About Me:

I am a professional Pet Groomer. I have been grooming for 28 years. This Blog is a kind of diary of my work. I wish I had started years ago, writing some of the experiences I have had while grooming. Most days are fun, some can be sad, some can be just down right crazy. If you are a pet owner and come across this blog, I hope it helps you understand how your pet is groomed. If you are a Pet Groomer, I hope you can relate to some of the stories. Maybe even learn a grooming tip or can leave a friendly grooming tip for me. There is always something to learn, no matter how long you have been grooming.

Tuesday, August 12, 2014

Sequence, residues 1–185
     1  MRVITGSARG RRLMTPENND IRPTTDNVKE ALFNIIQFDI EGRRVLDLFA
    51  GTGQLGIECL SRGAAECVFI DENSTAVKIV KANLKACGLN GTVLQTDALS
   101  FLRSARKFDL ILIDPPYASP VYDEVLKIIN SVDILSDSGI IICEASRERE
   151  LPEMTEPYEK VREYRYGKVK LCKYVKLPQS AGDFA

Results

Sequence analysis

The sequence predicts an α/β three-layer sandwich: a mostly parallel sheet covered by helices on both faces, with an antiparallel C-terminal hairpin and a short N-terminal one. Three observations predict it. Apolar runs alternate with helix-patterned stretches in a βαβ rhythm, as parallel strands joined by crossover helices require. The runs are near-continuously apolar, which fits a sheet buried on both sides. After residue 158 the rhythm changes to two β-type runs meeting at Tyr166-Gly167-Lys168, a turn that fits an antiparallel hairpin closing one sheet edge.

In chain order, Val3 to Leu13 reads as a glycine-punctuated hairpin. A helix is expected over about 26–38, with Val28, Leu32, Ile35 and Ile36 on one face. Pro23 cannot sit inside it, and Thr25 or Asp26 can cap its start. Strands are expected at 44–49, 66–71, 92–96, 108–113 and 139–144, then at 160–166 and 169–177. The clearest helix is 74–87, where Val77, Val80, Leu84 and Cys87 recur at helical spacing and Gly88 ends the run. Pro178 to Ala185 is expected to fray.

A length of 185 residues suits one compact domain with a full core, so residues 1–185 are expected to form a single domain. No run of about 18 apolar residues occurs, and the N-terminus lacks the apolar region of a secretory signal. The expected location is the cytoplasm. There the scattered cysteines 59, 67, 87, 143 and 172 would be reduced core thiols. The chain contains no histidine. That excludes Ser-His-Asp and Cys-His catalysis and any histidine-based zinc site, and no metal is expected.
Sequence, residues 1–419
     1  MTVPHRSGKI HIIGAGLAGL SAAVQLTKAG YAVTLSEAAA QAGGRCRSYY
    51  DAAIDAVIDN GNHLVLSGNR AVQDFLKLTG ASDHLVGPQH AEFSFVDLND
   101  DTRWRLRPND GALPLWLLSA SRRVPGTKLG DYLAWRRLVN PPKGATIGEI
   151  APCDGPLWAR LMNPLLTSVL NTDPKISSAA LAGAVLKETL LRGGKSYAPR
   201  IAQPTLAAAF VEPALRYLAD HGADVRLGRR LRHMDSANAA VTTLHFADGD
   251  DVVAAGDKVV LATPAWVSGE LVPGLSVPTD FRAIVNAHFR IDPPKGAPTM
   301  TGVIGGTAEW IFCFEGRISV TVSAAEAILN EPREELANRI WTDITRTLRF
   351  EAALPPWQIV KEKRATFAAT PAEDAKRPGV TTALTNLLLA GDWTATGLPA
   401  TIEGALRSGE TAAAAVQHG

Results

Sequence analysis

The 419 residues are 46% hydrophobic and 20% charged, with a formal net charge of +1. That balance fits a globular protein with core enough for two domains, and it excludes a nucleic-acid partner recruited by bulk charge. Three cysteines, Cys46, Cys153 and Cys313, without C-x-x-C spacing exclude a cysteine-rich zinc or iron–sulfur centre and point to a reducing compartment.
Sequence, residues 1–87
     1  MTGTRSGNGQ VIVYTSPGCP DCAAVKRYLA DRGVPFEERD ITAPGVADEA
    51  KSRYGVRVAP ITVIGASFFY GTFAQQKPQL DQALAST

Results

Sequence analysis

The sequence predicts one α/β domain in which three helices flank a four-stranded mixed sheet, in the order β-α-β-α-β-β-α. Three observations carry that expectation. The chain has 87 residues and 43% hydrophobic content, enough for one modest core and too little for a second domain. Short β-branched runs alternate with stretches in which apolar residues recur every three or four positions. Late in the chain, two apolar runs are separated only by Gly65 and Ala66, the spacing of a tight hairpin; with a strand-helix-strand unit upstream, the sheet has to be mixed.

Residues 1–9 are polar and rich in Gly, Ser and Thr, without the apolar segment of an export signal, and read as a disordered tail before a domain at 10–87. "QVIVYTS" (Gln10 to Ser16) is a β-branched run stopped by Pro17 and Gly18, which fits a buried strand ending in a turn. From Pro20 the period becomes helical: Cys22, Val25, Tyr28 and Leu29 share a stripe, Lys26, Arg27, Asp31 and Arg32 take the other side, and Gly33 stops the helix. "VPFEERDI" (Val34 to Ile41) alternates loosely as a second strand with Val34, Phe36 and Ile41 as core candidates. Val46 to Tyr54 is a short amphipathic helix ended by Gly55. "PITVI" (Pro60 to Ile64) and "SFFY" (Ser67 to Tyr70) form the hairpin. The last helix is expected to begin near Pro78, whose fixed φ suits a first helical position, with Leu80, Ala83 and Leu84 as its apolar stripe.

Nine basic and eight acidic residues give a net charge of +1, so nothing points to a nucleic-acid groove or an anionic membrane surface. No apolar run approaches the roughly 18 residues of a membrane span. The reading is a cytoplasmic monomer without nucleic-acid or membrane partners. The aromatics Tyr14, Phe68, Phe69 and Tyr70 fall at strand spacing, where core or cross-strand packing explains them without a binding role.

Tuesdays Tip #61: Before The Furminator

Once upon a time there was no tool called 'The Furminator'.

I was there...in that 'once upon a time'.
I groomed for years without a Furminator.
My bank account wishes that I came up with the idea for the Furminator.
After all, how many times, while using a simple blade to do the same thing that the Furminator does, did I think to myself; "I wish there was an easier way to hold this blade."

That thought had to have crossed my mind at least a few times, especially when my hand would cramp up while using the blade to card on a large job.

I was very excited when The Furminator tool came onto the grooming seen.
I saw the first one used at Groom Expo.
Then I saw what they were charging for it.....:(
I didn't get one the first year they came out.
After all, I could do the same thing holding a simple blade.

I did eventually break down and buy one, mainly for the fact that my hand does not cramp up using it.

I do know that there are groomers out there that refuse to buy The Furminator because they refuse to pay what they feel is too high a price for it.